The Texas Book Festival started with a lively panel at 10 a.m. Saturday in the C-SPAN tent on the thousands of hours of Richard Nixon’s White House recordings.

John Dean and Douglas Brinkley

Former White House counsel John Dean, author of “The Nixon Defense,” a look at the Watergate-era Nixon tapes, joined Douglas Brinkley and Luke Nichter, authors of “The Nixon Tapes.”

After moderator Robert Draper offered a brief tribute to the late Washington Post editor Ben Bradlee,  Brinkley called the disgraced president “diabolically pragmatic,” noting that his opening of China was as much about punishing the Soviet Union as anything else. He and Nichter’s book involve a multitude of conversation that did not pertain to Watergate and both men noted Nixon’s “hyper-involvement” in foreign policy.

“Nixon liked hardball, bloodletting politics,” Brinkley added, a trait he shared with his absolutely ruthless aide Chuck Colson.  “He was an all-purpose insulted of all peoples of the world,” he said, explaining some of the rather unfortunate invective that would come out of Nixon’s mouth. “Except the Chinese. Go figure.”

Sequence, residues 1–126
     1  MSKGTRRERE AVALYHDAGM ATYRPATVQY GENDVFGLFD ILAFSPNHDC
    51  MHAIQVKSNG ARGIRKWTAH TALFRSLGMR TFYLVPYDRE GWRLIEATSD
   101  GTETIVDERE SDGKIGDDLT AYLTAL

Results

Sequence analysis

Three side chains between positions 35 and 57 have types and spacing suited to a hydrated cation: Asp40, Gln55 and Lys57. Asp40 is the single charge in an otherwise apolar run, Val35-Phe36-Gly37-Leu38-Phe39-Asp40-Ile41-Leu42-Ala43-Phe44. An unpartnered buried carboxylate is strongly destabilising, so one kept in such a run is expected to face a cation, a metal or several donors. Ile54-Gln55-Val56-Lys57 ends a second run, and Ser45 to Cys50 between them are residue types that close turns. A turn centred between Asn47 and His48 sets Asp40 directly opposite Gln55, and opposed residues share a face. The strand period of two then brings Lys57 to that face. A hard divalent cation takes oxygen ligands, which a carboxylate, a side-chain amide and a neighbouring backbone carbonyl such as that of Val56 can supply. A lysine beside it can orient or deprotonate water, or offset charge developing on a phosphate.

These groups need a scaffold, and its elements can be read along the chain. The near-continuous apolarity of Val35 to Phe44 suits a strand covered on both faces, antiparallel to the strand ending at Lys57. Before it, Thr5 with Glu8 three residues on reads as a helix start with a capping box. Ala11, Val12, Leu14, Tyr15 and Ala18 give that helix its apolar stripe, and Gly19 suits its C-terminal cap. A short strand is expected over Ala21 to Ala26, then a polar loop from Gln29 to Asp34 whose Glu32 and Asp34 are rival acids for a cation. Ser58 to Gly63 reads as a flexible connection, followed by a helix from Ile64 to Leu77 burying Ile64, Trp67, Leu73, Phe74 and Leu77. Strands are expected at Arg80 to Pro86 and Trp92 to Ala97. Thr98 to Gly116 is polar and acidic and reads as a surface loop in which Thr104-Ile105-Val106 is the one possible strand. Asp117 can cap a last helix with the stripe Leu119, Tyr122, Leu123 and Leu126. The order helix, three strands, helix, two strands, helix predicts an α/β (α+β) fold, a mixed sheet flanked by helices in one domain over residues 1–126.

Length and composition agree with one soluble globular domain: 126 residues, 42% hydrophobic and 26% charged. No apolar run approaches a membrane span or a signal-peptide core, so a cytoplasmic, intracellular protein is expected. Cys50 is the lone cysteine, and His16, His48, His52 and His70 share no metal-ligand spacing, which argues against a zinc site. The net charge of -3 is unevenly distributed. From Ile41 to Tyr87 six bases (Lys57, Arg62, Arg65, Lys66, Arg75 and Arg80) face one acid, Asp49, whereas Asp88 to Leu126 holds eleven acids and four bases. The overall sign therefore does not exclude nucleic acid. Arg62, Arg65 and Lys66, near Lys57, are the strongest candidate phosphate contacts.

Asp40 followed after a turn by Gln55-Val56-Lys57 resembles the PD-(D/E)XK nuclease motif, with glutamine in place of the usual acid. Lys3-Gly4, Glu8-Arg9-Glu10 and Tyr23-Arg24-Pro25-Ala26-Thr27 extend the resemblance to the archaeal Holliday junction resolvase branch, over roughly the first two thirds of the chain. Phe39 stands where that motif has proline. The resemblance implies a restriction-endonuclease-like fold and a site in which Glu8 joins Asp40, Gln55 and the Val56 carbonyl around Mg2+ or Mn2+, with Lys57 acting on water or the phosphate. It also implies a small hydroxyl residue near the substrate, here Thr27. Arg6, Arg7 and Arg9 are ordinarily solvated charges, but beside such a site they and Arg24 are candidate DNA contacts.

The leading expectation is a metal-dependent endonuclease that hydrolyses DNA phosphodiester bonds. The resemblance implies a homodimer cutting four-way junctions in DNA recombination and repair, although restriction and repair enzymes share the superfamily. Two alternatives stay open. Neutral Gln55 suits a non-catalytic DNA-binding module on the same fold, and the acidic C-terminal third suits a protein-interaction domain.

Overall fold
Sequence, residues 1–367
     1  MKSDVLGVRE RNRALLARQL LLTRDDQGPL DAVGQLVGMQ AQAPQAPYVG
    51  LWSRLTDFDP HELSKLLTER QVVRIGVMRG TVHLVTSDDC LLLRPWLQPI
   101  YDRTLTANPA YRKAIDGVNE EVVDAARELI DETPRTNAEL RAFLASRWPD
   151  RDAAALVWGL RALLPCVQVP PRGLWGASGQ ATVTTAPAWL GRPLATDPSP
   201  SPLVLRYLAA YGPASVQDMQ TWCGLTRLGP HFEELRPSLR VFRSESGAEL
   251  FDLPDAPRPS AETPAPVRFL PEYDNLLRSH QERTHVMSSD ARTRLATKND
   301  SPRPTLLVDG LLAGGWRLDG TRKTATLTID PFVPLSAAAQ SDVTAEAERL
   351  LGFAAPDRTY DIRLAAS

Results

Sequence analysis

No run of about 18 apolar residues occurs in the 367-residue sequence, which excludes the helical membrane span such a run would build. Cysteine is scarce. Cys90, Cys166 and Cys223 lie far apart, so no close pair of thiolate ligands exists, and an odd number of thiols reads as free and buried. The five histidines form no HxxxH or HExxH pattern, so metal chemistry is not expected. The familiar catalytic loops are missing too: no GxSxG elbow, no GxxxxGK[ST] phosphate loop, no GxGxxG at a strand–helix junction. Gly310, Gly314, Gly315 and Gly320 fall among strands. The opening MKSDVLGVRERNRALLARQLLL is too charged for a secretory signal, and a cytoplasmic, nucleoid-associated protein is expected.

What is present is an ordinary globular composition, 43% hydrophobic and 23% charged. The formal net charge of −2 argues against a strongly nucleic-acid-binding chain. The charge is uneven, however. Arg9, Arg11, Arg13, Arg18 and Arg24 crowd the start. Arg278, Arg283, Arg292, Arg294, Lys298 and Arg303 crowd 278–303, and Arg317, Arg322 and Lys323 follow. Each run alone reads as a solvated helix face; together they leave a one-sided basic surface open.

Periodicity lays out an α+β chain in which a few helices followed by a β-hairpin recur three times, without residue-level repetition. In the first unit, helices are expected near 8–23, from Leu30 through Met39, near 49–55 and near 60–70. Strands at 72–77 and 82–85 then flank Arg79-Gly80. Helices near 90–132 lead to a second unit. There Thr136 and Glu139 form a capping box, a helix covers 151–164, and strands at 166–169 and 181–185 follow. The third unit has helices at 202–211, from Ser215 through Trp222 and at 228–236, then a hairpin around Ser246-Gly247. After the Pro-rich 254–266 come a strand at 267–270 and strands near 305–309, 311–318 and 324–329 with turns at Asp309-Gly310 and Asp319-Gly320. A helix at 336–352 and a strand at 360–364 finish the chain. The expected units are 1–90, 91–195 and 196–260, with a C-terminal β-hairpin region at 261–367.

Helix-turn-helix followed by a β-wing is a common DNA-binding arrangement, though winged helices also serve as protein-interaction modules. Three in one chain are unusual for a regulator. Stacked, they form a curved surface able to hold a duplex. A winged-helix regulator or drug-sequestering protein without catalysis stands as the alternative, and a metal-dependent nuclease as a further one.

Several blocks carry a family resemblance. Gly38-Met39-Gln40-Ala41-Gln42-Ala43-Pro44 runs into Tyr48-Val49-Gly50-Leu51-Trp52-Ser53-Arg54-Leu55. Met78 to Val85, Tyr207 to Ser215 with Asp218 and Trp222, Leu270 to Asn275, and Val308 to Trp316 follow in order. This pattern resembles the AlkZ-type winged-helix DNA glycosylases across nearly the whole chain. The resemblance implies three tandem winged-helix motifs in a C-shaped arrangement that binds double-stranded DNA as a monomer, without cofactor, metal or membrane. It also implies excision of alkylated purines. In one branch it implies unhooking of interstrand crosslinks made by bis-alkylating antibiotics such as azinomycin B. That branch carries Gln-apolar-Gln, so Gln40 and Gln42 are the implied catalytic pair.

Nicheter, who spent a lot of time digitizing the tapes, said that the Nixon archive continues to fascinate because we will never have something like this ever again. “Everything is being picked up,” Nichter said of the taping system.

Dean was the quippiest speaker, recalling that he was once approached by a man who said, “Didn’t you used to be Dick Cheney?”(cue roars of laughter from the assembled.)

He later added that the men in his family start to go deaf in their 70s (Dean is 76), and he needed some grad students to help him go through the hundreds of hours of tapes. “God forbid the last voice I hear is Richard Nixon,” he said.

Dean reiterated the working theory that while Nixon didn’t know of the break-in, attorney general John Mitchell approved of G. Gordon Liddy’s plan. “They (meaning Nixon’s staff)  gave him hints,” Dean said. But they didn’t really explain that the White House was deeply involved.

Liddy has sort of portrayed himself as a James Bond figure,” Dean said. “In fact, he’s not quite a Maxwell Smart.”